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Social media is critical to name recognition. If you wait until your book comes out and then start on social media, how will anyone know your name or care about your book? Some experts say it isn't necessary until you publish your book. But that makes no sense. Connection with others is essential. Otherwise, it's like walking down a crowded NYC sidewalk and holding up a sign that says, "I've written a book!" Who will care to stop and ask you about it? :oops::rolleyes::confused:

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7 minutes ago, lynnmosher said:

If you wait until your book comes out and then start on social media, how will anyone know your name or care about your book?

I don't often disagree with you. Although I know I'm in the minority in thinking this, as an independently-published fiction author, I don't see the harm in focusing on getting the book (or even books!) written before focusing on social media.

 

Books have a very long shelf-life. Big launches matter to traditional publishers because in their business model, a book only has a tiny window of opportunity to prove itself. If it's not performing after a few months, it's considered to have failed. But as an indie, I know that even if a debut book is released with very little or no social media fanfare, it will always be there for people to find, and for the author to promote. Joanna Penn made the New York Times bestseller list with books that were several years old. Even if they weren't technically new, they were new to the readers who had just discovered them. And I don't count myself as a success yet, but I've just had my best sales month ever on a book I released back in October. Readers don't mind that the book is five months old.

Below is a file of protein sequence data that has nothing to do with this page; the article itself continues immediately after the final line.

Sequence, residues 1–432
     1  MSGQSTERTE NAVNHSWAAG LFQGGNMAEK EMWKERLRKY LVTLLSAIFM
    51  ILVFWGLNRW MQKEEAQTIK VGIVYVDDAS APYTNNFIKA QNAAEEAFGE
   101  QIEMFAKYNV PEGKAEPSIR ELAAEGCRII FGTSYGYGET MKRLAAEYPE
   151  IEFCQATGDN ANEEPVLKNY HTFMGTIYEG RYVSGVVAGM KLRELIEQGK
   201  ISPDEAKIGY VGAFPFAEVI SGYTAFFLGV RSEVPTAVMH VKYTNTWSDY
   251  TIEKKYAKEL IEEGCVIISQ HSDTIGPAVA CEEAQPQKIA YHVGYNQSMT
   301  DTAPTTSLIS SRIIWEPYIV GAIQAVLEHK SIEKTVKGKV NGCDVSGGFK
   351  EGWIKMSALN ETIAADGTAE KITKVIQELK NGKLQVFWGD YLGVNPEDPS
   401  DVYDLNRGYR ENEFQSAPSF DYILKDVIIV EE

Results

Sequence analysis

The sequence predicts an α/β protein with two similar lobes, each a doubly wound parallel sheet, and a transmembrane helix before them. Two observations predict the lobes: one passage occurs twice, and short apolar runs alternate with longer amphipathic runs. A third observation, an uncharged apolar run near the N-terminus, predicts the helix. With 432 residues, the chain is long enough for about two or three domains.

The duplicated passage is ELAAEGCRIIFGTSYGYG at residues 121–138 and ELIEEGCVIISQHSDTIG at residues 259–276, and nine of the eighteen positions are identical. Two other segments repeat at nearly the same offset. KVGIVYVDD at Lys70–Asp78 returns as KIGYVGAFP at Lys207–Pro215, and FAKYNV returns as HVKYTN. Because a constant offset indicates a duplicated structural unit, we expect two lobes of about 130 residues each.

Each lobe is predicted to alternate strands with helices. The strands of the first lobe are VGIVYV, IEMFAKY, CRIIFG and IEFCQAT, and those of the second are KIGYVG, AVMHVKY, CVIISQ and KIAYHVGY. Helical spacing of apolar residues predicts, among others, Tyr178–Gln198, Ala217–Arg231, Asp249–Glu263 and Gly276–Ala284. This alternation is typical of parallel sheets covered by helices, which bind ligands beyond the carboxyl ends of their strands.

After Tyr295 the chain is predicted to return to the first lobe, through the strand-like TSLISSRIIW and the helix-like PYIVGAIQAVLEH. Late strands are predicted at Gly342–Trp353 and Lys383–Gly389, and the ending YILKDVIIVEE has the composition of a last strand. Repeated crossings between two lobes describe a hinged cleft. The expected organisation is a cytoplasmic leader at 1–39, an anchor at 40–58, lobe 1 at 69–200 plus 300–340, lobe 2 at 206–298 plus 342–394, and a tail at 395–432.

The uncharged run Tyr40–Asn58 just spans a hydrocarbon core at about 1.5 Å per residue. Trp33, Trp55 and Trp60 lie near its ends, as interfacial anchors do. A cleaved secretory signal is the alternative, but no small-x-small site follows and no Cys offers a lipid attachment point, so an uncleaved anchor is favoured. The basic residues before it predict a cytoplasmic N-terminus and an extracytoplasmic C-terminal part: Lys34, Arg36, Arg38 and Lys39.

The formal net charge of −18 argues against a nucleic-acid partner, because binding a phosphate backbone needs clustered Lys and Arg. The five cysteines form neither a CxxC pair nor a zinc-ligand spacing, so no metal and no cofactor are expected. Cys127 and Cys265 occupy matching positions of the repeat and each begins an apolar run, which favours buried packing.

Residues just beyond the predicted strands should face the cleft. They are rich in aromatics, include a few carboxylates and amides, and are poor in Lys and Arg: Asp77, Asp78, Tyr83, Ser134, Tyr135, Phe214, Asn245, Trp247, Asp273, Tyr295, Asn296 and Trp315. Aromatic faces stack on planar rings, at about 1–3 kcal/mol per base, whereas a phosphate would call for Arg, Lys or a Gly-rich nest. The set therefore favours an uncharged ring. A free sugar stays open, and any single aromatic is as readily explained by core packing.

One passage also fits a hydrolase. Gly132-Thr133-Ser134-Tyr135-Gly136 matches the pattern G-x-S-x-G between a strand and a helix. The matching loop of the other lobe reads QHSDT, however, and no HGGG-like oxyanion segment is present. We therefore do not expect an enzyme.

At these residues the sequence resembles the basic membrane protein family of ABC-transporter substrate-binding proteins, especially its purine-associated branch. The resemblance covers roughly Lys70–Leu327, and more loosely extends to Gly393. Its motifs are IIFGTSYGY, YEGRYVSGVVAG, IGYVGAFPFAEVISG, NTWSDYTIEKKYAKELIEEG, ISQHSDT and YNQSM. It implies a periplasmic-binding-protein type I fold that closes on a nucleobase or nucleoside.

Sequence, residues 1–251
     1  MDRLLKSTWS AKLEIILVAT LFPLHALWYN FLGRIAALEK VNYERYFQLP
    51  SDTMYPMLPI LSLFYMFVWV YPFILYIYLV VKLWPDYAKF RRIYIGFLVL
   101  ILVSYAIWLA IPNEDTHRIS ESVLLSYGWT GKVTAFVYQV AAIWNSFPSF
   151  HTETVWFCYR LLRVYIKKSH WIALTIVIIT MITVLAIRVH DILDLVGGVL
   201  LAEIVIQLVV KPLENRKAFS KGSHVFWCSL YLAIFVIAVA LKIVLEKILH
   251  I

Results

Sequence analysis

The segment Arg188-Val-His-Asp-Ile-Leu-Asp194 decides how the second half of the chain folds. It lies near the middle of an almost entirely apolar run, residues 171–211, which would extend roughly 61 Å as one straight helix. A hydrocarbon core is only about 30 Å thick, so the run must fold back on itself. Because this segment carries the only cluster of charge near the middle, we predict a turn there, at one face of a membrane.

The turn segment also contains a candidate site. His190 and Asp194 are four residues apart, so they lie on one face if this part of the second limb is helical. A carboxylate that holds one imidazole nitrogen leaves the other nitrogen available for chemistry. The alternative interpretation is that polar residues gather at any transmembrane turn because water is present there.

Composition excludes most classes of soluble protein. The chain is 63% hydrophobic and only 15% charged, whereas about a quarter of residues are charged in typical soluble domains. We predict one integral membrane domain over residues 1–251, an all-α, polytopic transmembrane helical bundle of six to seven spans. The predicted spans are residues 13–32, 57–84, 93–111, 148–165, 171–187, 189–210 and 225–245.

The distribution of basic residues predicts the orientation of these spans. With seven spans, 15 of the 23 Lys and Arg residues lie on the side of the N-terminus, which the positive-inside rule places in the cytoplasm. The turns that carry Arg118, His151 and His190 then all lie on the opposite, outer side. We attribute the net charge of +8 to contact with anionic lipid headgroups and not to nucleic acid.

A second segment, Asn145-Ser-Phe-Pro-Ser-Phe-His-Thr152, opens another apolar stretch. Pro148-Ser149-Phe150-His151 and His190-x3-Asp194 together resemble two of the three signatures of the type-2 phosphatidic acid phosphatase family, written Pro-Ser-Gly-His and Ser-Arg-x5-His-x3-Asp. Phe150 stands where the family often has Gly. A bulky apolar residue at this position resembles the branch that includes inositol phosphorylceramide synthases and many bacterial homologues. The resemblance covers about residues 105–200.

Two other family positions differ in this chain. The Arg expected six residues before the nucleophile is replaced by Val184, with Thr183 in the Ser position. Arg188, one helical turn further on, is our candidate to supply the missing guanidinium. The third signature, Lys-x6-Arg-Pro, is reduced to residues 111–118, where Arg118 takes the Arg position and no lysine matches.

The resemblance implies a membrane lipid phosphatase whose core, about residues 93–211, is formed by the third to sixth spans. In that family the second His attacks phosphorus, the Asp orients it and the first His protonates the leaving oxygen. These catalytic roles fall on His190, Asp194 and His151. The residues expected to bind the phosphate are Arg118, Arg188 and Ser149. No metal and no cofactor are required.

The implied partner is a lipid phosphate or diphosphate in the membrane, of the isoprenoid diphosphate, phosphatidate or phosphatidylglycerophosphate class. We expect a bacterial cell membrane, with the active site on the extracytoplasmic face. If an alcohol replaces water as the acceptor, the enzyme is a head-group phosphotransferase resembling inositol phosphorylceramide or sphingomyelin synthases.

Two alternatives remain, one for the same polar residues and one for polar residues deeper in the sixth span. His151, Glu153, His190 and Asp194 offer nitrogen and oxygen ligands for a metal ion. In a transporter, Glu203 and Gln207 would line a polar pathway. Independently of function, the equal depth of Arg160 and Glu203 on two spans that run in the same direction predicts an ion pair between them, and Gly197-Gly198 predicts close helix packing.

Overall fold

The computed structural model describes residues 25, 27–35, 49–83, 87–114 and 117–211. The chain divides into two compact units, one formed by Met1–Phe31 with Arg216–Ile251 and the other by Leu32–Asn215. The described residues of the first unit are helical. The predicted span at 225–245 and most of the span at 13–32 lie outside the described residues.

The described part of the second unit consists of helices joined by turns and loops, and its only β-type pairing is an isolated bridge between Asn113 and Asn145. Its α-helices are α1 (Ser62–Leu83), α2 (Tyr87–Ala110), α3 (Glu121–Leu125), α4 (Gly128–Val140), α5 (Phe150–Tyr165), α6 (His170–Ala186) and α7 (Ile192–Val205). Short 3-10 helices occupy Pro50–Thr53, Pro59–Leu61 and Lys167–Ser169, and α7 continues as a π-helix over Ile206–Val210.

Building a social media presence can take a tremendous amount of time and energy that is better spent writing the next book. Back before I released my first book, I needed all my mental resources and time to focus on finishing the book and publishing it. If I'd been trying to cultivate a fan base at the same time, it would have been way too much for me to juggle.

 

Now as I work on finding readers via social media, I have things I can show them. A new reader who finds me today with my two books is no different from the same reader finding me today if I'd started social media platform five months ago.

 

The one thing I do wish I had started earlier is a mailing list. But even that would have required a finished book.

 

This is from my perspective as an idie fiction writer. I know that things are very different for non-fiction, and for people who are hoping to be published traditionally.

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I'm on Facebook, Goodreads, LibraryThing, and post occasional guest blogs on Indie writer sites. I've taken a pass on other platforms like YouTube, Twitter, and others.

 

10 minutes ago, EBraten said:

Building a social media presence can take a tremendous amount of time and energy that is better spent writing the next book.